February 9, 2005 - Krannert Art Museum at the University of Illinois - Over + Over: Passion for Process
February 9, 2005

Over + Over: Passion for Process

Jennifer Maestre, Spine (2000), Pencil stubs 21 x 6 x 7 in., Courtesy Jean Maestre, Photo: Dean Powell

Over + Over: Passion for Process
January 29 through April 3, 2005

Krannert Art Museum and Kinkead Pavilion
University of Illinois at Urbana-Champaign
500 East Peabody Drive
Champaign, IL 61820
(217) 333-1861

www.kam.uiuc.edu

Ordinary materials – from paper cups and pencil stubs to tires, twist ties and playing cards – are transformed into extraordinary art in a new exhibition at the University of Illinois’ Krannert Art Museum.

“OVER + OVER: PASSION FOR PROCESS,” on view January 29 through April 3, includes works by 13 artists from throughout the United States who share a compulsion for the time- and labor-intensive, craft-inspired processes required to re-envision mundane, everyday items as remarkably inventive and often provocative objects of art.

Organized by museum director Kathleen Harleman with guest curators Judith Hoos Fox and Ginger Gregg Duggan, the show will travel to the Addision Gallery of American Art, Phillips Academy, Andover, Mass., April 29 through July 31. An illustrated companion catalog, to be published later this spring, will feature essays by the curators and by Dr. Judith Rapoport, chief of the Child Psychiatry Branch of the National Institute of Mental Health in Bethesda, Md.

The exhibition’s featured artists are Chakaia Booker, New York City; Juliann Cydylo, Boston; Tom Friedman, Northampton, Mass.; Tom Fruin, Brooklyn, N.Y.; Victoria Haven, Seattle; Lisa Hoke, New York City; Nina Katchadourian, Brooklyn, N.Y.; Liza Lou, Los Angeles; Jennifer Maestre, Maynard, Mass; Elizabeth Simonson, New York City; Devorah Sperber, New York City; Fred Tomaselli, Brooklyn, N.Y.; and Rachel Perry Welty, Boston.

“These are artists who are all part of the digital age – who are of that generation,” Harleman said. “What they’ve chosen to do in the midst of this hypertech era is to do time-consuming activities, in terms of their art-making. Their work is almost dialectic.”

Harleman noted that artists aligned with the Arts and Crafts movement of the late 19th century responded similarly to the rapid rise of industrialization by producing well-crafted, handmade decorative and functional objects from natural materials.

However, she said, the artists exhibiting in the Krannert show are perhaps more closely connected to practitioners of “Process Art,” an approach emphasizing organic, tactile materials and themes, which emerged in the 1960s as a response to Minimalism’s austere, mass-produced aesthetic. The curators of “OVER + OVER” refer to this new creative approach as HyperProcess Art.

While technology still manages to inform much of the work of the HyperProcess artists, in sometimes subtle ways, it takes a back seat to the hands-on art-making processes involved. Those processes incorporate craft and hobby skills such as beading, sewing, quilting, silhouette cutting, collaging and collecting. Both natural and industrially produced materials are used in the work, Harleman said, to “negotiate a path between organic and geometric form, between the pixilated and the painterly.”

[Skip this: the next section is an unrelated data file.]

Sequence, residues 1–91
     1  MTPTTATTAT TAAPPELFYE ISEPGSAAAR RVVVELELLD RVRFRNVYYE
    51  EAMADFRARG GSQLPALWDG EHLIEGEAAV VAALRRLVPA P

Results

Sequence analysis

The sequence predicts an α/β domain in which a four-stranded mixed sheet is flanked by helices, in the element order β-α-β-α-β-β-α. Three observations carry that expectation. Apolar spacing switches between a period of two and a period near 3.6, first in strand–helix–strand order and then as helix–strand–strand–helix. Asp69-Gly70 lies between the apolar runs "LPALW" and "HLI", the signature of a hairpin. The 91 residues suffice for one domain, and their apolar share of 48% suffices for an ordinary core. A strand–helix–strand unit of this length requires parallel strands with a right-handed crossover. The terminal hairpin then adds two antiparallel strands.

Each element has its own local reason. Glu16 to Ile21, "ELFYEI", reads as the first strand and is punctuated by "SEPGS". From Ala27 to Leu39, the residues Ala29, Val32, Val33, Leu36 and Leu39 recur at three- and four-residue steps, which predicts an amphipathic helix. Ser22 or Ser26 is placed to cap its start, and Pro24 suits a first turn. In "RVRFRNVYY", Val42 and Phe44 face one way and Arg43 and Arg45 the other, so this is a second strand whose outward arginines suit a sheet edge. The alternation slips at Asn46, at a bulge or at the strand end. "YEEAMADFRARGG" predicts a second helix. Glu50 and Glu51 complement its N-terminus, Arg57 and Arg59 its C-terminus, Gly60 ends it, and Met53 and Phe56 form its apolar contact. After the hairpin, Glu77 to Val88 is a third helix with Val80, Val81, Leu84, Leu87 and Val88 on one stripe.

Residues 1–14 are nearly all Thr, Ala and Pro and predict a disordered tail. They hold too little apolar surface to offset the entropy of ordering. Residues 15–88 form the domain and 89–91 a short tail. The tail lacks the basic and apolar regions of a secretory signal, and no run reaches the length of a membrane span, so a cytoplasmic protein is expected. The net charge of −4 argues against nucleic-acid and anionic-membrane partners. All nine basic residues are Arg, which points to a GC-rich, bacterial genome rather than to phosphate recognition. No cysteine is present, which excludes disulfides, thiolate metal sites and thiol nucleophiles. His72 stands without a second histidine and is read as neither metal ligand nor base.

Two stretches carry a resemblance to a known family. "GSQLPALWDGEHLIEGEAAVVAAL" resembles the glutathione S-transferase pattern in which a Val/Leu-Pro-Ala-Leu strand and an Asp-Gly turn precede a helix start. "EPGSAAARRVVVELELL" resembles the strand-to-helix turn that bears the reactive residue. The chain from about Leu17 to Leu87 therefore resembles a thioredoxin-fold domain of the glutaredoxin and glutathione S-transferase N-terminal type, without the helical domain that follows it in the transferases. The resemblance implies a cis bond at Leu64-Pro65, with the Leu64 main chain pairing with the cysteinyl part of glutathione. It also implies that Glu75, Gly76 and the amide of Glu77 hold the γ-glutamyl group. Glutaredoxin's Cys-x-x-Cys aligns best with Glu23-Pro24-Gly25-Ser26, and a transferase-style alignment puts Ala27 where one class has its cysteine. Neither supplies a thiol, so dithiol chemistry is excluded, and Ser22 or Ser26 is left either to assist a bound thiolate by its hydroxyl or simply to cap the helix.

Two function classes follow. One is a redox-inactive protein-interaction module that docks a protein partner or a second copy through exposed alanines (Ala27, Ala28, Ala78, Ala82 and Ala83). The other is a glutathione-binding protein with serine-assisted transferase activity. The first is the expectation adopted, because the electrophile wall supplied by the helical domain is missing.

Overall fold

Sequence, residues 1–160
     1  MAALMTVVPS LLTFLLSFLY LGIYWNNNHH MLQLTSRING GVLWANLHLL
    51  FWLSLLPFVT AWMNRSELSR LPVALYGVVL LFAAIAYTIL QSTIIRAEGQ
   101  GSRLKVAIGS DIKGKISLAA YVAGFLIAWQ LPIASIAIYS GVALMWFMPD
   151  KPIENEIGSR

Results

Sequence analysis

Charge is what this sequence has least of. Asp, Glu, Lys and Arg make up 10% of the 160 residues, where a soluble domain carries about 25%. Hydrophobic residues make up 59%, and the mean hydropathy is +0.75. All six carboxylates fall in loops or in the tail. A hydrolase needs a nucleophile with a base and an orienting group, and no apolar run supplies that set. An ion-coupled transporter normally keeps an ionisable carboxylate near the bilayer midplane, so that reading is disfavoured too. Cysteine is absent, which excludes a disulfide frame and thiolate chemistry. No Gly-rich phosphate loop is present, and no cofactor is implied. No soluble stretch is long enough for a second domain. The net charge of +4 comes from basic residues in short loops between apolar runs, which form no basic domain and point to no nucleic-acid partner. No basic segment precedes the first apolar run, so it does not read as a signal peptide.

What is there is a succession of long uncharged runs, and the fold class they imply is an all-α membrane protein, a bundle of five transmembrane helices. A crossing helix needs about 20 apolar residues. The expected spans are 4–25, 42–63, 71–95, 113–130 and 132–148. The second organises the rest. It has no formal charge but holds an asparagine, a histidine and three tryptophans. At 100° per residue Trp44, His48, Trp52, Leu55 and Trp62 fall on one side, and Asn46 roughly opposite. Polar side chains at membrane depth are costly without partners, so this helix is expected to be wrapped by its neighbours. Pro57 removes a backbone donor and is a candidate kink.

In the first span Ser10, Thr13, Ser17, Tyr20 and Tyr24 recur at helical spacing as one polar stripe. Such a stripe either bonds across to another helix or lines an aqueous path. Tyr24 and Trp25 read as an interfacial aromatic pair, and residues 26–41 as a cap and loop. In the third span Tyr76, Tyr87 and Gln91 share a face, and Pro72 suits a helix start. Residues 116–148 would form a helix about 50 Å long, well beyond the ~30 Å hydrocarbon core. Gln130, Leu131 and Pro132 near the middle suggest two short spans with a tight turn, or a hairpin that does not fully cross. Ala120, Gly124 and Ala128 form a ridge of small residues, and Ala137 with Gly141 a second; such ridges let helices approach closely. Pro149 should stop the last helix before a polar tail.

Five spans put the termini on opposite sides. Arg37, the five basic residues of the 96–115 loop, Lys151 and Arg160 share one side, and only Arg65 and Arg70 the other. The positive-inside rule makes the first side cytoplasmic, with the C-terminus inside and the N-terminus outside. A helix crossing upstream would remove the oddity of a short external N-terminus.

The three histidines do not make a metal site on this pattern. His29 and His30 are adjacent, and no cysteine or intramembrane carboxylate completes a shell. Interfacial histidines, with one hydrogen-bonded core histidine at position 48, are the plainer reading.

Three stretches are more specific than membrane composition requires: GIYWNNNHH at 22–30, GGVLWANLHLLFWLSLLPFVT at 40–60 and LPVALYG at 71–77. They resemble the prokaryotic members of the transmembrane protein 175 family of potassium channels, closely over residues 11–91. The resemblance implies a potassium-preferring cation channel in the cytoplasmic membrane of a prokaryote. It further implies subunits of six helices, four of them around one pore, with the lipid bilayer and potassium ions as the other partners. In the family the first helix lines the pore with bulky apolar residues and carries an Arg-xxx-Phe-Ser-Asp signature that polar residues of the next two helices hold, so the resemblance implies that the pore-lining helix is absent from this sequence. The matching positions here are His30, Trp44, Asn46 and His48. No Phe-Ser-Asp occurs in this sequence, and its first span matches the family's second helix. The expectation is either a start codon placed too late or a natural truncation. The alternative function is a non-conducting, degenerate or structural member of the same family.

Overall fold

Another distinctive characteristic that binds the show’s artists is the repetitive, almost
compulsive nature of their art-making.

“Although there have been other investigations of extreme craft, this is the first exhibition to focus on the work of artists whose subject matter is obsession – from homemaking to hobbies to additions,” Harleman said.

The link to obsession becomes obvious to viewers in such works as Lou’s “Cup of Coffee” and “Six Pack of Budweiser,” mixed-media pieces in which these icons of Americana have been reconstructed using thousands of tiny beads; and Maestre’s “Spine,” “3 to 1 Twist,” and “Primal Scream Therapy,” all constructed from the pointy ends of pencils.

“Once we get past the wow factor of the work presented here – how many hours, Exacto blades, and beads it must have taken – and have recognized it as a hybrid new form that combines elements of Process Art with the mutually contradictory rubrics of the hand-crafted and the computer-generated, we can begin to address its content,” Fox wrote in her catalog essay.

“Obsessive in facture, these pieces also deal with the subject of obsession, and reflect the neuroses and preoccupations of this society,” Fox wrote. “To embrace traditional craft methods and put them into the service of an examination of today’s culture inserts irony into both the technique and the meaning.”

Harleman said one example of how materials and meaning mix and mingle to translate as a metaphor for obsession is Tomaselli’s untitled 2-D image that incorporates an outline cut from a bird-watching guide, infilled with collage pieces extracted from a Land’s End catalog. “For some people, bird-watching can become an obsessive behavior,” Harleman said.

And that’s just one of many works that the museum director expects will appeal to visitors on multiple levels.

“People will have fun trying to figure out what materials the artists have used, then they’ll reflect on how such a repetitive, meticulous process can be executed, over and over again,” she said.

To subscribe to Krannert Art Museum’s online announcement list, email kam@uiuc.edu

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